After viewing the Tetris movie, I found myself lying awake, thoughts racing. It's a common occurrence... this time I was fixated on how to create a three-dimensional version of Tetris.
Now, Tetris is notoriously difficult to express in three Dimensions. In two Dimensions the player can clearly see all the pieces. However, extend this into three dimensions and the pieces begin to obscure one another.
There have been various complicated solutions to what I'll call the obscuring problem, involving moving cameras, or partial transparency or even arranging the block in a cylinder, but in my opinion none have successfully cracked the complex simplicity of Tetris.
There is a big difference between complexity and complication. Complexity is often borne of simple beginnings. In the case of Tetris, the simple set of Tetrominoes - four joined blocks in each possible combination, fall into a box to make lines. What could be more simple?.
And yet it combines to make a complex puzzle which taps into a deep psychological need to tidy up, to fill gaps, to complete a thought and file it away neatly. This complexity is an emergent property of a simple formula, it is non-zero-sum in that it gives more than it costs.
The complicated solutions to 3D Tetris add a dimension, but necessitate a load of cumbersome new controls to work around the problem they introduce - the obscuring problem.
So, lying awake in bed, I thought it might be possible to eliminate the the obscuring problem by using a symbolic 3D environment, where objects would reduce in size as they recede in depth, but would not converge on a vanishing point, this way if you used rings to represent blocks, you could see through the rings to other rings in the background, giving you access to all the information in the space. Watch out for the new tetrominoes too - three dimensions introduces some curly combinations.
This version of the game is playable only on desktop and is really a proof of concept. I'm now finished a mobile version too if you'd prefer. (Note to Tetris' copyright lawyers - I don't intend to develop the game further than this, or monetize it - please don't sue me).
If you enjoyed playing, share the love on... Facebook Twitter LinkedIn
Now, translating ideas into code is a game in itself and my sleeplessness involved orienting falling code blocks. Ironically, this sleepless visualisation is one symptom of a condition called "The Tetris Effect" referring to people who claimed that after playing Tetris, they would find themselves picturing falling blocks as they drifted off to sleep, think Beth Harman in "The Queen's Gambit" with her upside down chess board. The Tetris Effect can also invade people's waking lives with intrusive thoughts that interpret the real world through the lens of this particular cognitive pattern.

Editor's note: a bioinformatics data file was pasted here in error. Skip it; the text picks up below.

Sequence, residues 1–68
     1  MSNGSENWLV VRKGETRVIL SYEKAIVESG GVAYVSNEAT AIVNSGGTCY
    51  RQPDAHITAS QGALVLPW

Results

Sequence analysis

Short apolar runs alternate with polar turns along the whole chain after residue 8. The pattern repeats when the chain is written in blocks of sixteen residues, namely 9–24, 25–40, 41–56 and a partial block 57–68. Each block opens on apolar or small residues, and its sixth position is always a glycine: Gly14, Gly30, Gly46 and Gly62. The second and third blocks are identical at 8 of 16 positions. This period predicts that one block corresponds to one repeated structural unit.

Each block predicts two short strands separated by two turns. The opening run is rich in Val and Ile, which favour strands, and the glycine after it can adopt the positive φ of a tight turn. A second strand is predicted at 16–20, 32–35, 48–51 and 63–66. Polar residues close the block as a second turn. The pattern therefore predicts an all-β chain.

It turns out that this phenomenon is a natural part of learning, and that the imagery is a separate form of memory. Harvard psychiatry professor Robert Stickgold has shown in his research that people with anterograde amnesia who were unable to form declarative memories reported experiencing the Tetris Effect even though they couldn't remember playing the game.
The way I make sense of it is like this - if you are building new neural pathways in your mind, a lot of that is done during deep and REM sleep through subconscious processes, but sometimes your thoughts are not ready to be handed off to the subconscious, so your conscious mind frantically tries to order them appropriately first.
This is something Stickgold calls hypnagogic dreaming. I think this is something the brain is doing a lot of the time, trying to find clean and clear certainty rather than messy, unresolved uncertainty - It's this very instinct to which the game of Tetris appeals, and is what makes it so addictive. Tetris is just a simplified environment for doing what we're constantly trying to do, make order out of chaos.
Game environments, to the brain, are no different to physical environments, they simply have new variables and relationships. Mapping those relationships is something we do naturally. By creating a version of 3D Tetris that gives your mind all the information it needs, but not in a naturalistic representation, I'm hoping players will be able to better form a map in their mind of the terrain, and be transported to another world. That is of course after a few nights of restless hypnagogic dreams.
As for my sleeplessness, it was short-lived once I resolved the puzzle I was puzzling over... making the game. Let me know what you think, or post your high score in the comments.